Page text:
Project focus: How to make it easier for people to understand, design, and critique how algorithms are designed?
Harvard John A. Paulson School of Engineering & Applied Sciences
Role: Course founder, professor
HUMAN-CENTERED ALGORITHMS DESIGN was a one-time course at SEAS that evolved out of the ai-kitchen group. Due to growing demand in 2016, the ai-kitchen discussion group expanded, becoming a course on Human Centered Algorithm Design designed and taught by Altringer at SEAS in Fall 2017. The team later worked with other groups at Harvard, MIT, and beyond that are better-positioned to take the conversation much further, namely, the BKC-MIT AI Initiative.
AI-kitchen ran from 2015-2017 and focused on how to make it easy to discuss and critique how algorithms work. We worked with collaborators to translate algorithmic ‘writing’ into plain language to help people understanding how AI works and how it could be improved. We believe that the basic inputs, assumptions, steps, and outputs of algorithms should be as accessible as sharing and discussing recipes. To do this, our team reverse-engineered popular algorithms like Tinder’s matching algorithm and AirBnB’s location algorithm, and hosted regular discussion events at Harvard where we presented on how they work in plain language. Some of our core themes included: Human Values and How They Relate to AI; Algorithmic Writing and Critique; The Design of AI; Human-Robot Interaction; Human-Computer Interaction, and How to make AI more accessible, representative, and desirable. Ai-kitchen began as a mix of professionals and students from academia and industry gathering *roughly* monthly in Harvard Square.*NEW* We recommend the syllabus that has developed out of the initiative’s work here.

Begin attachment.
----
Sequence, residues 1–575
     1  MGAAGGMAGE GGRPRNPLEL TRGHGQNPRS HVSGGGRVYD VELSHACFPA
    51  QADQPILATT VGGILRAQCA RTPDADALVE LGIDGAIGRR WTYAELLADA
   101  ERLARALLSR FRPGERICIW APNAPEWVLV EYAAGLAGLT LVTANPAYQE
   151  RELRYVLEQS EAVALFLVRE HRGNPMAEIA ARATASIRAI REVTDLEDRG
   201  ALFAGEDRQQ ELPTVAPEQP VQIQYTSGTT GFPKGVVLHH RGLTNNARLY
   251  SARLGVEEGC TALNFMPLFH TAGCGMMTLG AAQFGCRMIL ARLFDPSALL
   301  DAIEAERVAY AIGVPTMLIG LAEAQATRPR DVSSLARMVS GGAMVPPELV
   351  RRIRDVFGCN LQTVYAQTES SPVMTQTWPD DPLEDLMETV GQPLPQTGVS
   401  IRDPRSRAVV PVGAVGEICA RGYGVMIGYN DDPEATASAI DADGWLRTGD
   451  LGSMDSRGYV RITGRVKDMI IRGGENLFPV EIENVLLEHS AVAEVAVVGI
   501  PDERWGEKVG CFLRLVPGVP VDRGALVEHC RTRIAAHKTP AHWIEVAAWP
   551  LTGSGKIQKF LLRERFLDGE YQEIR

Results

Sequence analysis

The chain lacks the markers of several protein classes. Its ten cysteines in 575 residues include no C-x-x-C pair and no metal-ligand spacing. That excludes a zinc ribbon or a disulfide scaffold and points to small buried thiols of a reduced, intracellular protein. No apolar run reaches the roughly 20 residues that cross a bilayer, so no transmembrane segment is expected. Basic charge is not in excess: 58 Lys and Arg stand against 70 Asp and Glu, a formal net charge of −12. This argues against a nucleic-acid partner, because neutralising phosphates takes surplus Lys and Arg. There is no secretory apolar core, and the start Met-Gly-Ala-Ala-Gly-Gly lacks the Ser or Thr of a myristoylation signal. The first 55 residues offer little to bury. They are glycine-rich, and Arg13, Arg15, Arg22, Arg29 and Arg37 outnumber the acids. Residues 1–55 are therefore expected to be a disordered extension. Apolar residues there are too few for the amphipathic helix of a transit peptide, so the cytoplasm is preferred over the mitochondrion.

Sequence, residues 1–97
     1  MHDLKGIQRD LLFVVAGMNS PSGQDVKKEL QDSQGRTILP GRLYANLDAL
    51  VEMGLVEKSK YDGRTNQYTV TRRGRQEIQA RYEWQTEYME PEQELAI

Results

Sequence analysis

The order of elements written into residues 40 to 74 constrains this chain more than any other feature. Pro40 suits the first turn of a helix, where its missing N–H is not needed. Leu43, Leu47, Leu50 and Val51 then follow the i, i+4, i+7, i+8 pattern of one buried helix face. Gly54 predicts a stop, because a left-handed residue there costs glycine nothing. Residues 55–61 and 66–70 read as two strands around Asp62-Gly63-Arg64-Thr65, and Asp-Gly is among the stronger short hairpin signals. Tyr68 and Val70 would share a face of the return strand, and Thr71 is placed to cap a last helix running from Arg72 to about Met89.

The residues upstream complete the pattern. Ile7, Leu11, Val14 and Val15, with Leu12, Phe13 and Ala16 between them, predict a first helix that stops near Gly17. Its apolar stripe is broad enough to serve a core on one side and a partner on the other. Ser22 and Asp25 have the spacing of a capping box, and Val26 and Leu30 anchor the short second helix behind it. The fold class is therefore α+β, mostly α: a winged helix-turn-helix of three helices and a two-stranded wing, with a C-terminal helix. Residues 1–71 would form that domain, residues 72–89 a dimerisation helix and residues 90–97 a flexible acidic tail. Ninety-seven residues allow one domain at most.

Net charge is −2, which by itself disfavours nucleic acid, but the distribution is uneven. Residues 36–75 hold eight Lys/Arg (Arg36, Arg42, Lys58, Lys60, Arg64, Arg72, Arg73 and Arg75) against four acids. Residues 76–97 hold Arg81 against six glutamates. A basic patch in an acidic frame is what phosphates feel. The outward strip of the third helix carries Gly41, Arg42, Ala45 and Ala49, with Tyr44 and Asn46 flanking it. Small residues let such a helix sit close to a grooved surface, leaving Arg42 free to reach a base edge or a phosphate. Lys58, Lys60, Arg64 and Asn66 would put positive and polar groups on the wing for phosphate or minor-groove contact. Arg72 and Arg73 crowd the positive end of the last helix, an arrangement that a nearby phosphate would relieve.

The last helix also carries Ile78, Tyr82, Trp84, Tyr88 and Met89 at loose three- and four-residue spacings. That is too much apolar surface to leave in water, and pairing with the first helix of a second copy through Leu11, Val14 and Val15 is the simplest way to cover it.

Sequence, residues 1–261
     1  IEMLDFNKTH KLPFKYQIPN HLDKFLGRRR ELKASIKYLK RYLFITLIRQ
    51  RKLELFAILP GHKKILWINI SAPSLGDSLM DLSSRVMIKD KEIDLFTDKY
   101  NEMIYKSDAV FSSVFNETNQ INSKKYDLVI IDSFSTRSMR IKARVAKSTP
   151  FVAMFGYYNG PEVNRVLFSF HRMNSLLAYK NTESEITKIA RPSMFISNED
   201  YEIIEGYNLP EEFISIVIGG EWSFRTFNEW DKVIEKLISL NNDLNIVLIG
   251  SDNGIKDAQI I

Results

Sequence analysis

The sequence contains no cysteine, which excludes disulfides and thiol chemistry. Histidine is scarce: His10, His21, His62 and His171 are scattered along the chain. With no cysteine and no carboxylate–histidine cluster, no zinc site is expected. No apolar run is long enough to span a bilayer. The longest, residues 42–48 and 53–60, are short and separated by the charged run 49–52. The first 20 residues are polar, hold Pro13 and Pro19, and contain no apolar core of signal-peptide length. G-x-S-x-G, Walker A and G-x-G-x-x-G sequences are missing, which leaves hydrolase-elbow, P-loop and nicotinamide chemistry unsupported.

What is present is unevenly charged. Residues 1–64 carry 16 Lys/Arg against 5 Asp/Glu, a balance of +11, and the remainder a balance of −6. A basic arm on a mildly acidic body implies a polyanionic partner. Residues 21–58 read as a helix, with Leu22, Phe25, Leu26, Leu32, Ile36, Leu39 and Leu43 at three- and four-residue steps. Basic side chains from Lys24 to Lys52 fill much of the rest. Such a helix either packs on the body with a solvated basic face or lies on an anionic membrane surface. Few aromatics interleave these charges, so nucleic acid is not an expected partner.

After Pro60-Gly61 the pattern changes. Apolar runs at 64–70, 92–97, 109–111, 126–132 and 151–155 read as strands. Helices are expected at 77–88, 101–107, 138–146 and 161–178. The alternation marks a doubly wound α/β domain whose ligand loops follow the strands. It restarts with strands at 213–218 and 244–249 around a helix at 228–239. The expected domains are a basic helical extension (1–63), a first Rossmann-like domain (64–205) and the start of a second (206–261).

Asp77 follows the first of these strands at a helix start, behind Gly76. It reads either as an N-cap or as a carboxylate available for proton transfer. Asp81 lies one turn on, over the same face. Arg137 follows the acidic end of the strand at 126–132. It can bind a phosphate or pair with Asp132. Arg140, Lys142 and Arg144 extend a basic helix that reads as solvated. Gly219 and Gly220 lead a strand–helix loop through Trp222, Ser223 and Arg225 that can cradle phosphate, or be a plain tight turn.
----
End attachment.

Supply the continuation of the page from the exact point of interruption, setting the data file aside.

Due to time constraints, we no longer update the ai-kitchen website regularly, but may occasionally post updates.